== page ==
OLDSMAR — Pasco High School's Megan Simonelli was justifiably proud on June 8, during graduation ceremonies. She compiled a 4.77 grade-point average in Pasco's prestigious Cambridge Education Program and finished as the school's valedictorian.
But her pride went much further.
As part of the Gold Award program, the highest accomplishment in Girl Scouting, Simonelli developed an academic catch-up program: "Getting Back on Track with Math Tutoring.'' It allowed other students to pass their state-required Algebra I end-of-course test and graduate on time.
"It meant a lot knowing that what we did in the tutoring helped make a difference for other kids,'' Simonelli said during the ceremony at the Nielsen Research Center headquarters.
Simonelli was among 33 Gold Award recipients from the Girl Scouts of West Central Florida, which comprises Citrus, Hillsborough, Hernando, Pasco, Pinellas, Polk, Marion and Sumter counties. It recognizes sustainable and measurable service projects, which focus on community issues and require at least 80 hours of planning and implementation.
The Gold Award, available to high school-age students, is conferred to fewer than 6 percent of Girl Scouts annually. Approximately 1 million Girl Scouts nationwide have earned the Gold Award since its 1916 inception.
Simonelli, a Girl Scout since first grade, wanted to pursue a Gold Award, but couldn't find a good idea.
Last year, she was selected as a Junior Marshal to help with Pasco's senior activities and pre-graduation plans. The graduation class seemed smaller than expected, and she inquired about it. That's when she learned that several students fell short on their algebra I test, making them ineligible to graduate.
"Megan has always had a passion for helping others,'' said her mother, Christine. "She couldn't get over the disparity in the graduation numbers. Sometimes, it's hard to find that passion. But this fell right into her lap. She loved doing this — and it showed.''
Simonelli, who recruited friends to help with tutoring, implemented study sessions for after school, during homeroom and at adult-education night school.
"It was a little hard getting people to stay after school, whether it was lack of transportation or just motivation to do it,'' Simonelli said. "Homeroom was perfect. It's a 20-minute session right before lunch. It was a great time for tutoring and studying.
"The whole thing was life-changing for me. A lot of kids were really bright and smart, but for whatever reason, they fell behind and needed some help. Seeing them grasp the concepts and get their work done, it just made my heart swell. To know that some of them were able to graduate along with me and the rest of our class, it meant a lot.''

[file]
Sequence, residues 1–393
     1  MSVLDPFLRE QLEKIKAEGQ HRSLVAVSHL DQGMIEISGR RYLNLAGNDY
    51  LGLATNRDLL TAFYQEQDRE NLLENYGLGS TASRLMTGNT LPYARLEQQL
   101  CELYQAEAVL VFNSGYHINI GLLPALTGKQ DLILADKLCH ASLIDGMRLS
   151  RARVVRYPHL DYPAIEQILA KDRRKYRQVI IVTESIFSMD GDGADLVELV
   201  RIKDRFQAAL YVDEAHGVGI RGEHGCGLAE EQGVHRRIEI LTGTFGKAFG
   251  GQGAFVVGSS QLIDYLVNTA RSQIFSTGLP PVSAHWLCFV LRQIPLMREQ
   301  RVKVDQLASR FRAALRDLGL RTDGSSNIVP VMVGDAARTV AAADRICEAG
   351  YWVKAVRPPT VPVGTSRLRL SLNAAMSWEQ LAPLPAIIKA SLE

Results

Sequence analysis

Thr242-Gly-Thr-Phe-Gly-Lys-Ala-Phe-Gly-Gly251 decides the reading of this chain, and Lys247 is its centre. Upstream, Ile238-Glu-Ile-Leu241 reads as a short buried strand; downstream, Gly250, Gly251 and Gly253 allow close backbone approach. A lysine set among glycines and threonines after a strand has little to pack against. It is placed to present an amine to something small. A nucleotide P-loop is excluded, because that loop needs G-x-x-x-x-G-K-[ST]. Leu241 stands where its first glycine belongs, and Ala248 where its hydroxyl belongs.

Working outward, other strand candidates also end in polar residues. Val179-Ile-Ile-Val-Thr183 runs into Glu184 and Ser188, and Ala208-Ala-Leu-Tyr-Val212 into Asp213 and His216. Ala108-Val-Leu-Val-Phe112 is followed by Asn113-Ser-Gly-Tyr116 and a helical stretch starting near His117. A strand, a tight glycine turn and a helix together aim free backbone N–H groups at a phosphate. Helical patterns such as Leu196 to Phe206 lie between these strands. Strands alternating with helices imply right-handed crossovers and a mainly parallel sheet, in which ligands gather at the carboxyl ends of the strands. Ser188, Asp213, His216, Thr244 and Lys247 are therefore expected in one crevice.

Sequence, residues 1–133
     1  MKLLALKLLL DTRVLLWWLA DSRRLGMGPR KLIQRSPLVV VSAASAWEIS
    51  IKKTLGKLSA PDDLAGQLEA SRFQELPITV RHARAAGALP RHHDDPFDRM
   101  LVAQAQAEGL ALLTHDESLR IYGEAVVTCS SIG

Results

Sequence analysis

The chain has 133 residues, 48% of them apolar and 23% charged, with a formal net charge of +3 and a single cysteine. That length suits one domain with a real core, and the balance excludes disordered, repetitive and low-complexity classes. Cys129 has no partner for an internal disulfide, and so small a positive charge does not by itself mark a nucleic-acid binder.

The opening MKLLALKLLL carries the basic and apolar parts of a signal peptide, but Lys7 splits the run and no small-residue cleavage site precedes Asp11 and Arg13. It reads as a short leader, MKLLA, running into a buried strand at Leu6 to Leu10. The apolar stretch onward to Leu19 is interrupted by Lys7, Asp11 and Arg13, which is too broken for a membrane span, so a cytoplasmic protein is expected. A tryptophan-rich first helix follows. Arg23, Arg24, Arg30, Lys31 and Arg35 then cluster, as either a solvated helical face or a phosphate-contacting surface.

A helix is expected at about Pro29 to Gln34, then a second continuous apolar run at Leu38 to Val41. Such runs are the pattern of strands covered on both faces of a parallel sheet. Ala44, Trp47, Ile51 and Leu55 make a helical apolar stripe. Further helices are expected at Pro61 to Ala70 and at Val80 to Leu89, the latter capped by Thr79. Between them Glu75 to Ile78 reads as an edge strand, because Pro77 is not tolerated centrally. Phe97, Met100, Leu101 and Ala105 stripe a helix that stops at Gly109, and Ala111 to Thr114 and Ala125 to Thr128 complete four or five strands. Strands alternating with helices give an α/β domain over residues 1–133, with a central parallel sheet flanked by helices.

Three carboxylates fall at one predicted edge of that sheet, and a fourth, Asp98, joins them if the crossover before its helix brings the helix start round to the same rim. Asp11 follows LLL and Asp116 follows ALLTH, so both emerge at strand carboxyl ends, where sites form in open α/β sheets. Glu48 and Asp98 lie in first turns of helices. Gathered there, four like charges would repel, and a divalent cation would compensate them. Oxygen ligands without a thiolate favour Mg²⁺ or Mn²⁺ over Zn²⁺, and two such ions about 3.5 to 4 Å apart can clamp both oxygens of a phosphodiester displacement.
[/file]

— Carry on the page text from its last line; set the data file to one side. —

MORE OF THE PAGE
Simonelli, who will attend the University of Florida, said she wants her program to continue. She has planned "Tutoring Wednesdays'' for next school year during Pasco's homeroom periods.
"Sometimes, the teacher might be going too fast or the student may not apply themselves,'' Simonelli said. "But it showed me they can do the work with some effort. Math has always been one of my favorite subjects — I like the fact that there's only one right answer — and I was happy to see others pick up on it and find success.''
Simonelli, who received the Ann Hensler Scholarship as part of her Gold Award, is planning a biology major. She'd like to enter pharmacy school, with the ultimate goal of researching drug development, vaccinations and cancer medications.
As part of her 600-plus hours in community service, Simonelli has volunteered at Tampa's Moffitt Cancer Center.
"Cancer treatment has become really important to me,'' Simonelli said. "I thought once about becoming a teacher — and I guess my interest in tutoring would lend itself to that — but I've been really passionate about helping cancer patients since working at Moffitt.''
Other Gold Award recipients from Pasco County included:
• Alexis Beital (Zephyrhills) for "Sticks and Stones,'' which helped girls who have experienced bullying, dating violence and mental health issues. Beital, who will study crime scene technology at Keiser University, developed a website, gave presentations and distributed resource packets.
• Samantha Crist (Zephyrhills) for "Literacy for Littles,'' which promoted reading and literacy awareness. Crist, who will study psychology at Pasco-Hernando State College, distributed flyers and developed a pillow with built-in pockets to store technology devices while they were reading.
• Hannah Sullivan (Zephyrhills) for "Lifting 10 High,'' which helped kids learn better communication skills and connect through shared team-bonding experiences. Sullivan, who will seek a nursing career, created a booklet filled with games and rebuilt an obstacle at Warren Willis Camp to promote teamwork.
• Zoria Telfare (Wiregrass Ranch) for "Healthy Eating for High School Athletes,'' which provided healthy food options for school concession stands to discourage unhealthy snacks from vending machines or fast-food restaurants. Telfare attends the University of Miami and majors in exercise physiology.